2012-9-25-3Qs--Off-the-cuff-comments-bring-candidates-to-dangerous-political-territory

The political effects of Libyan leader’s fall

3Qs with Robert Gilbert, Edward W. Brooke Professor of Political Science
October 20th, 2011

Former Libyan dic­tator Moammar Gad­hafi was killed on Thursday by rev­o­lu­tionary fighters in his home­town of Sirte. We asked Robert Gilbert, the Edward W. Brooke Pro­fessor of Polit­ical Sci­ence in North­eastern University’s Col­lege of Social Sci­ences and Human­i­ties, to ana­lyze the impact of Gadhafi’s death on U.S. pol­i­tics and the 2012 pres­i­den­tial campaign.

How will the death of Moammar Gadhafi affect President Obama’s re-election run?

Last May, the death of Osama bin Laden, U.S. public enemy number one, 
boosted Pres­i­dent Obama’s favor­a­bility rating by 14 points. This is because Obama ordered bin Laden’s exe­cu­tion. Gadhafi’s status is not as “exalted” here and the United States’ role in his death appears to be much more indi­rect. I would be sur­prised if Gadhafi’s demise will exert any sig­nif­i­cant effect on the President’s re-​​election prospects.

What role can victories in foreign policy play in presidential campaigns? Should we expect to see a boost in President Obama’s approval rating as a result of Gadhafi’s death?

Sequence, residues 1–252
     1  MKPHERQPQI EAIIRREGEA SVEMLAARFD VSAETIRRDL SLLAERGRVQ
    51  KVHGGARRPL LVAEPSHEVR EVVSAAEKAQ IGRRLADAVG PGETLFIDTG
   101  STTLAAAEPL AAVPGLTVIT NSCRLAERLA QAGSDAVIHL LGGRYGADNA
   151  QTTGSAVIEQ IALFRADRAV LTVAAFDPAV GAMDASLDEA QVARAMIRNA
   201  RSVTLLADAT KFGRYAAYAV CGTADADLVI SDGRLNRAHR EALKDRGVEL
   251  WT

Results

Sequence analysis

Studies show that any dra­matic, short-​​term, sharply focused inter­na­tional event in which the United States is involved leads to an increase in a president’s pop­u­larity. It doesn’t matter if the events are “good” or “bad.” John F. Kennedy’s pop­u­larity, for example, increased after both the Cuban mis­sile crisis (a suc­cess) and the Bay of Pigs (a dis­aster). The elec­tion of 2012 is still more than a year away. Any boost for Obama will be min­imal and will fade quickly.

Will members of the Republican presidential field give Obama credit for his military strategy to rely on allies to bring Gadhafi to justice?

As a group, the Repub­lican hope­fuls are likely to give Pres­i­dent Obama little credit for any­thing he does. This is a polit­ical season, and our present envi­ron­ment is hyper-​​partisan. There was also some sen­si­tivity last spring to the fact that Obama did not go to Con­gress to get formal autho­riza­tion to par­tic­i­pate in any way in the anti-​​Gadhafi mil­i­tary cam­paign. So I wouldn’t now expect many plau­dits from his would-​​be successors.

by Jason Kornwitz


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